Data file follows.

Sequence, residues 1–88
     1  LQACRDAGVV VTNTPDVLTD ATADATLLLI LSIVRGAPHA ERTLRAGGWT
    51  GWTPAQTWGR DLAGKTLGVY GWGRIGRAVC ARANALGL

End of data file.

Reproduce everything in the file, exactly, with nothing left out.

Sequence, residues 1–88
     1  LQACRDAGVV VTNTPDVLTD ATADATLLLI LSIVRGAPHA ERTLRAGGWT
    51  GWTPAQTWGR DLAGKTLGVY GWGRIGRAVC ARANALGL